I am excited to see a new book has just been published that takes a deep dive into the world of working moms. It’s called Making Motherhood Work, How Women Manage Careers and Caregiving by Caitlyn Collins.
This blog describing the book coins a new term (that I love by the way) called “work-family justice” explaining,
The book offers a clear, research-based argument that the US is failing its mothers and families. America’s mothers don’t need more highly individualistic tips on achieving work-family balance. They need justice.
Justice would include federal paid leave, a minimum guarantee of sick/vacation time, equal pay, and just general understanding and flexibility.
I am blessed that my employer is very understanding and I felt zero guilt coming to work an hour late this morning because Emma is still sick and needed to sleep in. But for some moms, just the mention of caregiving responsibilities at work puts them on thin ice. This is unacceptable. From the blog,
And Collins reminds readers: these women are middle-class. They’re the proverbial canaries in a coal mine for mothers’ work-family conflict. Low-income women, too often racial/ethnic minorities, have far fewer resources to draw on and less support to reduce their stress than those Collins interviewed. So if middle-class mothers are engulfed in stress, less advantaged mothers’ difficulties are likely far more acute.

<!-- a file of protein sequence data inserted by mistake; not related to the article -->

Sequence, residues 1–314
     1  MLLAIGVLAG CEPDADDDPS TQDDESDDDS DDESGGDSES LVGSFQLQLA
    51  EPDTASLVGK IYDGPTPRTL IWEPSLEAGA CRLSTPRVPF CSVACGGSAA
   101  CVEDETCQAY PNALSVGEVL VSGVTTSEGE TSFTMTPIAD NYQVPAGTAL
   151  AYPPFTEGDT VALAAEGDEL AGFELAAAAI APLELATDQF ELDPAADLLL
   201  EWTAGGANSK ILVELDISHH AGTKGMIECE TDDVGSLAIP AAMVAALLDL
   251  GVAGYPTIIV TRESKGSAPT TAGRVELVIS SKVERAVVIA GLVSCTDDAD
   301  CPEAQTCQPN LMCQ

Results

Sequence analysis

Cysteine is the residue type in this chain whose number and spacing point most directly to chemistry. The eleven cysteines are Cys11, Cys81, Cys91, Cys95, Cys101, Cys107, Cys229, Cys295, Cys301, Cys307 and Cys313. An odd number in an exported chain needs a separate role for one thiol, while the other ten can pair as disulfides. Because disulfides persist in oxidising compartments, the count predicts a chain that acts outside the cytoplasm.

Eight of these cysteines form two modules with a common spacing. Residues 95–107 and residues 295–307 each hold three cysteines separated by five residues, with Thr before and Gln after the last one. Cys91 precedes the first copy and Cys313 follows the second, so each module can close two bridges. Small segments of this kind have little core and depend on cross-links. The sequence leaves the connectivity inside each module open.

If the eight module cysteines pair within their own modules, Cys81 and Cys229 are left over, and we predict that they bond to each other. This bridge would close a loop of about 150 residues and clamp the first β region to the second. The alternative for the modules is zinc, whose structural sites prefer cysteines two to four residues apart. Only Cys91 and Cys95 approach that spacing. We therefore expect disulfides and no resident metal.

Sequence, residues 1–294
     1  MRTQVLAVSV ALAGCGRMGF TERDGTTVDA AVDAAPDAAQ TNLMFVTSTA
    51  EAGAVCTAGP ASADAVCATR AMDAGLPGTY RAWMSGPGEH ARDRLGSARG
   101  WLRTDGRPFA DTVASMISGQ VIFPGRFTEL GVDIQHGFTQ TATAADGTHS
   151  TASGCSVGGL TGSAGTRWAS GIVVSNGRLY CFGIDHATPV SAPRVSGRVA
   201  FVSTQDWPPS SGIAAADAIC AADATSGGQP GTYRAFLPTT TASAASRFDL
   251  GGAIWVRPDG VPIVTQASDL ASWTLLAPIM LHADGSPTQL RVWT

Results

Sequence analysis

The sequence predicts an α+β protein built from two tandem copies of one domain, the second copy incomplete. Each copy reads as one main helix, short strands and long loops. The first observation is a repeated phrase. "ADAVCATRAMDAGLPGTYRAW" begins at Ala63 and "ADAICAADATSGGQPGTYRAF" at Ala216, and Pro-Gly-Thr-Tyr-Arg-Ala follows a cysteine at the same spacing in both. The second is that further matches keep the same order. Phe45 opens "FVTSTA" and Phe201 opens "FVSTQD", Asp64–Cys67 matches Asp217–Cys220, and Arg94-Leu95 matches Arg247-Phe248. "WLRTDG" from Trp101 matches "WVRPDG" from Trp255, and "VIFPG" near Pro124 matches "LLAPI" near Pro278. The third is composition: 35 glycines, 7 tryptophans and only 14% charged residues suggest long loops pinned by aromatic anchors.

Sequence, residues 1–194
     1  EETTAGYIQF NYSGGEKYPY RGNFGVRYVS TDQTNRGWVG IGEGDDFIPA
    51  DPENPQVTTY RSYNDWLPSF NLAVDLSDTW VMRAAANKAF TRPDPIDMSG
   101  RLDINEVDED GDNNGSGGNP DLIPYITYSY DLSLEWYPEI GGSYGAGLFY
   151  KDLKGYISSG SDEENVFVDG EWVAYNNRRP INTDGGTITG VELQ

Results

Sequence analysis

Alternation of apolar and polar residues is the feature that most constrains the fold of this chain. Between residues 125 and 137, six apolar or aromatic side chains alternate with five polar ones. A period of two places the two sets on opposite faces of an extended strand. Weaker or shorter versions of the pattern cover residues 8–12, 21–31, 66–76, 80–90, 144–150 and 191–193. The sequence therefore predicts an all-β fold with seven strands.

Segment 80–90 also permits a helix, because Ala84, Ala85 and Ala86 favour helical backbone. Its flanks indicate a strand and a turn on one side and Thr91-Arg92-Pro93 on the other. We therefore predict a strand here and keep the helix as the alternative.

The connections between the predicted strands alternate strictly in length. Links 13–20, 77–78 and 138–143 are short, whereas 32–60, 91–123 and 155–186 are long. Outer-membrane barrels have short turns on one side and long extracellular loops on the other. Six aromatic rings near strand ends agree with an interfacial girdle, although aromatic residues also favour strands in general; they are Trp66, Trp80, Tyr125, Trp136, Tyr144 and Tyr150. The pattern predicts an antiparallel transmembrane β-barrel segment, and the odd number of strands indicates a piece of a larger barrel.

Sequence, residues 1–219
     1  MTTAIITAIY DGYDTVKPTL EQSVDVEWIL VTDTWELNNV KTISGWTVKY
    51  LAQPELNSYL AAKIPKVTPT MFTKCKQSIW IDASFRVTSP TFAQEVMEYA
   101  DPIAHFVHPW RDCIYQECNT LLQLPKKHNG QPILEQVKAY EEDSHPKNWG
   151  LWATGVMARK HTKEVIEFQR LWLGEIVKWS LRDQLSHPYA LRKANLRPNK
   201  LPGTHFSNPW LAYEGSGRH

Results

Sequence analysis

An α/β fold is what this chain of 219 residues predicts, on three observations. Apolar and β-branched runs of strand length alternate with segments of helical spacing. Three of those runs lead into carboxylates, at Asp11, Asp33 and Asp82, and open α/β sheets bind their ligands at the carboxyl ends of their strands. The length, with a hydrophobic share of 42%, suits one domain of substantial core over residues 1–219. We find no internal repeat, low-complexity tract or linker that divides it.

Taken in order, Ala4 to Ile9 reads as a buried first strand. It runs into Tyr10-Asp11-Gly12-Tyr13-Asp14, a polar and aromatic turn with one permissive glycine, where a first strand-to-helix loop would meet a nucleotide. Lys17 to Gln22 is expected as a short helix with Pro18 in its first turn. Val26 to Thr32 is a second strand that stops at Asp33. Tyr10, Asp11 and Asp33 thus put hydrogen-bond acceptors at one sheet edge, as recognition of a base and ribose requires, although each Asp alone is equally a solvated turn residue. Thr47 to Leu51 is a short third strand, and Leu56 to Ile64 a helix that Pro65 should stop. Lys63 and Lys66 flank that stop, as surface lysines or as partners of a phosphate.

The reality is, most of us working moms are just making it one day at a time – one major life event away from dropping all the balls on the ground. For me, it’s been over a month with a sick baby and in some areas of life the shoe has dropped. But as mentioned above I am blessed with countless privileges, health insurance, financial resources, the ability to pay a house cleaner to get my life back together, a helpful husband, and an understanding corporate culture… what about the women without these advantages? The lack of justice (or equity) forces them to trudge uphill every day. They’re likely still making it all work, but at what cost to their health and quality of life?
As I mentioned in a previous blog on The Case for Moms, making adjustments to keep moms happy and sane sends ripples of benefits to organizations, including to their bottom line.
I’m glad to see more books and blogs coming out on the side of better support for working moms. It’s time to shine a light on this issue, roll up our sleeves, and make it better.